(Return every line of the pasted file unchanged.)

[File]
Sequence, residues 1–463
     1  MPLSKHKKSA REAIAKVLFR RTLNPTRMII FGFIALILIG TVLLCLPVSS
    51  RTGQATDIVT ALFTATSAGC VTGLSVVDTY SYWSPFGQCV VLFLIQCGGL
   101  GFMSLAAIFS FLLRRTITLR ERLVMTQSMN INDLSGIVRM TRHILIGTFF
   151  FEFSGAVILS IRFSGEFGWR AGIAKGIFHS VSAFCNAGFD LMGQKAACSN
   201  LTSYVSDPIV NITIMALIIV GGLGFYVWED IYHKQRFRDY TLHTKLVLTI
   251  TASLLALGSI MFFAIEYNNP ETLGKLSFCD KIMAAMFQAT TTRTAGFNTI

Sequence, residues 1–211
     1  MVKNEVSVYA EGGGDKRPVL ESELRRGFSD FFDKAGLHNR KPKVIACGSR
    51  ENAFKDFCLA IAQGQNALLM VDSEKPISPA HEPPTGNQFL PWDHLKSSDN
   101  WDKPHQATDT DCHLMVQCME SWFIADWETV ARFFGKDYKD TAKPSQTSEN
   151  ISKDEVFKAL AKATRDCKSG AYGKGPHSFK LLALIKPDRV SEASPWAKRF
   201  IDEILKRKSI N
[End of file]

Sequence, residues 1–463
     1  MPLSKHKKSA REAIAKVLFR RTLNPTRMII FGFIALILIG TVLLCLPVSS
    51  RTGQATDIVT ALFTATSAGC VTGLSVVDTY SYWSPFGQCV VLFLIQCGGL
   101  GFMSLAAIFS FLLRRTITLR ERLVMTQSMN INDLSGIVRM TRHILIGTFF
   151  FEFSGAVILS IRFSGEFGWR AGIAKGIFHS VSAFCNAGFD LMGQKAACSN
   201  LTSYVSDPIV NITIMALIIV GGLGFYVWED IYHKQRFRDY TLHTKLVLTI
   251  TASLLALGSI MFFAIEYNNP ETLGKLSFCD KIMAAMFQAT TTRTAGFNTI

Sequence, residues 1–211
     1  MVKNEVSVYA EGGGDKRPVL ESELRRGFSD FFDKAGLHNR KPKVIACGSR
    51  ENAFKDFCLA IAQGQNALLM VDSEKPISPA HEPPTGNQFL PWDHLKSSDN
   101  WDKPHQATDT DCHLMVQCME SWFIADWETV ARFFGKDYKD TAKPSQTSEN
   151  ISKDEVFKAL AKATRDCKSG AYGKGPHSFK LLALIKPDRV SEASPWAKRF
   201  IDEILKRKSI N